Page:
Page After Page


Decisions, Decisions

 

            When Kate and her husband Ron went to a dinner party with their friends one night, they never suspected the results of such a harmless activity. Three couples had dinner and drinks, talked, then went home. A nice time was had by all. But in the days following, Kate could not stop thinking about Peter Ash with whom she’d only spoken a few words at the party. She followed up a couple of weeks later with a phone call and a deliberate invitation to him to join her at a luxurious hotel in San Francisco near his office, ostensibly to discuss some legal work she had for him.

            In the days that followed their brief affair, Kate didn’t really think much about what had happened, Peter was guilt-ridden, but also smitten with Kate. He tried to call her but she ignored him. One day when he went out for lunch he saw Kate and her best friend from college, Beth, sitting in the restaurant where he’d planned to eat. He decided to eat elsewhere and not force a confrontation and it likely saved his life, for just minutes later the building was attacked by terrorists who killed or wounded over a hundred and frightened the entire city.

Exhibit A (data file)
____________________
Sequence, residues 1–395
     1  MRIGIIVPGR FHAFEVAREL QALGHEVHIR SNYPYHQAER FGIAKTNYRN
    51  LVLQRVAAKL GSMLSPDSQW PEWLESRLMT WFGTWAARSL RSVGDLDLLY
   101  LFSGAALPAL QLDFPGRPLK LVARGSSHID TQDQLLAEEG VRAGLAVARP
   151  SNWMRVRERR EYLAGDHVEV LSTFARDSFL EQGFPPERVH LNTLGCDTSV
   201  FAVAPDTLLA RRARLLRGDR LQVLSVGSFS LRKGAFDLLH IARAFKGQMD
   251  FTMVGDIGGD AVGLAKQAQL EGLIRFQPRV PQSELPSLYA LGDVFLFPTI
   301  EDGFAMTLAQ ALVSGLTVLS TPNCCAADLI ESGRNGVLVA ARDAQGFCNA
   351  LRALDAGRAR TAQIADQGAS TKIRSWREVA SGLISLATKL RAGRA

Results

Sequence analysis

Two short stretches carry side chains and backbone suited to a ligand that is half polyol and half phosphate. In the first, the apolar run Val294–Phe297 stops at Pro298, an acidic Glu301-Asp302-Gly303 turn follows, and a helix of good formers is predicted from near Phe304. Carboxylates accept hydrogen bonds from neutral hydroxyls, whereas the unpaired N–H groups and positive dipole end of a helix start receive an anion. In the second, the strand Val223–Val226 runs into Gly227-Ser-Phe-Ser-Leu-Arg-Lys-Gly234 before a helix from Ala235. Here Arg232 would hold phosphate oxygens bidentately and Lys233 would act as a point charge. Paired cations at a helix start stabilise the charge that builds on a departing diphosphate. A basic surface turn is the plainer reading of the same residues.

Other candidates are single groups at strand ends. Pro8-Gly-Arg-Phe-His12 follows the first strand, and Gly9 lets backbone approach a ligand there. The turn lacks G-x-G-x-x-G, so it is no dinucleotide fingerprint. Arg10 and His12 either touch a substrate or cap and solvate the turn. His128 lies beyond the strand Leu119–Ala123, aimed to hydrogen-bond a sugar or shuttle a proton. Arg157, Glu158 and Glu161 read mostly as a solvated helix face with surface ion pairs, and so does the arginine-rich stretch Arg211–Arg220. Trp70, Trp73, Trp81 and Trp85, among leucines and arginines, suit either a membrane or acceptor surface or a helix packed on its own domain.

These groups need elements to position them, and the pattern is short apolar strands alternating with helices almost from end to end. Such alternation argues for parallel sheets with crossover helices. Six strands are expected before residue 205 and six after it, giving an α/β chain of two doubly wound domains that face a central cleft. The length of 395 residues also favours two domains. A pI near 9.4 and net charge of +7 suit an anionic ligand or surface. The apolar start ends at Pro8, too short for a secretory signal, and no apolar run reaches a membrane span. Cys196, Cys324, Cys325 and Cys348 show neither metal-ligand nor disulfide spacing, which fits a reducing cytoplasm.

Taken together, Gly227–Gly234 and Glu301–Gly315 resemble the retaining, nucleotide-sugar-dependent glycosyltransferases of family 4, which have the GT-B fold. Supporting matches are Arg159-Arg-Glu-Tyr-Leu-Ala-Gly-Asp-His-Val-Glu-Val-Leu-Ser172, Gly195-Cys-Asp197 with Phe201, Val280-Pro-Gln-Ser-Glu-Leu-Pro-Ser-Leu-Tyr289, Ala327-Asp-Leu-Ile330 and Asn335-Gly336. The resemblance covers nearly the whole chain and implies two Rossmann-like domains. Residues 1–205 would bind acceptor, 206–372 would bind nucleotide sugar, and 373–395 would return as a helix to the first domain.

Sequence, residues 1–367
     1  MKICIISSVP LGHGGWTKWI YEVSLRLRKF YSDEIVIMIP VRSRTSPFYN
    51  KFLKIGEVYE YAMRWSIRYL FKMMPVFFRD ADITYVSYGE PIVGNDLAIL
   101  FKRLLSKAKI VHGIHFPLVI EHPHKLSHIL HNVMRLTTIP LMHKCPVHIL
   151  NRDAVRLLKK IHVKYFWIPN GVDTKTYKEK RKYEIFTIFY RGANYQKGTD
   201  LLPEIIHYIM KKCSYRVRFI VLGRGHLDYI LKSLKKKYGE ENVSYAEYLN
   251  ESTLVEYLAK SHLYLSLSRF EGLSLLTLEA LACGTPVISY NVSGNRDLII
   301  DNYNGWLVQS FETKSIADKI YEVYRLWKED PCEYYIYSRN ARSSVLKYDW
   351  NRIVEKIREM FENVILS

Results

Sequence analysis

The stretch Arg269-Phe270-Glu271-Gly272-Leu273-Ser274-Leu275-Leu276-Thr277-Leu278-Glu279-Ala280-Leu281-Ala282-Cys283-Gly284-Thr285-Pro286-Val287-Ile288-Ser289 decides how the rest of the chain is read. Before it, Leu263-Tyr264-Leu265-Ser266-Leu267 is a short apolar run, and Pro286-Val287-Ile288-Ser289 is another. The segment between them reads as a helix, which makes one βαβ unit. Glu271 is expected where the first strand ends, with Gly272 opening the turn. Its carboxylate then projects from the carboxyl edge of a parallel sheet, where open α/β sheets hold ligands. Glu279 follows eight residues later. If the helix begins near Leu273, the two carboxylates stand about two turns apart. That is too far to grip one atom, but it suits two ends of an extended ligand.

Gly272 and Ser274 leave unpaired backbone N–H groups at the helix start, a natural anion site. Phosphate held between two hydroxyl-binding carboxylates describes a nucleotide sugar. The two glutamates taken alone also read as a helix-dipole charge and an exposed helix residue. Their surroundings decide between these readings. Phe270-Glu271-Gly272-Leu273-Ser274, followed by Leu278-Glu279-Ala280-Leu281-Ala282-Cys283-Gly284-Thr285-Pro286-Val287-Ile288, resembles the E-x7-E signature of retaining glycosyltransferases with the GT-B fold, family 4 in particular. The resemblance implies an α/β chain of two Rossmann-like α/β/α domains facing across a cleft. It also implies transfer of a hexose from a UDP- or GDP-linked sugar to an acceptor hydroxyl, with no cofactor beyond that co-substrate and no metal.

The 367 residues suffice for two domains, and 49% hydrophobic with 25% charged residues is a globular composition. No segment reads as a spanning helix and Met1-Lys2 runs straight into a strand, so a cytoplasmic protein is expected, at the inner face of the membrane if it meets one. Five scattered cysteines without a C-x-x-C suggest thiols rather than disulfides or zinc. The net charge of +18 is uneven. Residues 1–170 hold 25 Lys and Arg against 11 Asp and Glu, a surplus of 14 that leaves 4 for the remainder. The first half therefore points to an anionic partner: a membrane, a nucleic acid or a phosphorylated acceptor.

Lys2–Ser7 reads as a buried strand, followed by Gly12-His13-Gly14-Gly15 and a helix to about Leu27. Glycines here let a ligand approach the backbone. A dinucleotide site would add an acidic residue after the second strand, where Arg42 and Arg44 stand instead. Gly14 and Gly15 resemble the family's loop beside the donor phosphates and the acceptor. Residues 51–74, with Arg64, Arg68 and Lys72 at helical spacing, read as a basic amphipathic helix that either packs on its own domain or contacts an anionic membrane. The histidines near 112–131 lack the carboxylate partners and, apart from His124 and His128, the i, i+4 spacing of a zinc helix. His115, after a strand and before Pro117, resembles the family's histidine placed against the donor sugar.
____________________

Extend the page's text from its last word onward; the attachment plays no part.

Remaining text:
Beth and Kate were wounded and Beth spent the months of her recovery kicking herself for not having her gun with her that day when she was eating lunch with Kate, thinking that she could have prevented some of the devastation if she had. Back at work, but not up to strength, a murder investigation begins when a half-eaten body washes up on the beach and is eventually identified as a man named Peter Ash.

            Beth and her partner discover that something changed Peter from a loving husband and father to an irresponsible womanizer and drinker right around the time of the terrorist attack. His wife, Jill, doesn’t understand what happened, but Peter moved into an apartment and lived for pleasure from then on. As Beth moves toward the realization that somehow her friend, Kate, may have been part of this change, their relationship takes on an edge and Beth realizes that she may have problems seeing things clearly in the case. Then one of Peter’s friends and a possible suspect also ends up dead and Beth knows that things are even worse than she thought.

            John Lescroart, in this stand-alone novel, “Fatal,” has written a compelling story of betrayal and heartache as a result of a few decisions that made a big difference to many people. The story does not end neatly and the reader understands that the consequences of these decisions will continue to haunt those involved for the rest of their lives.


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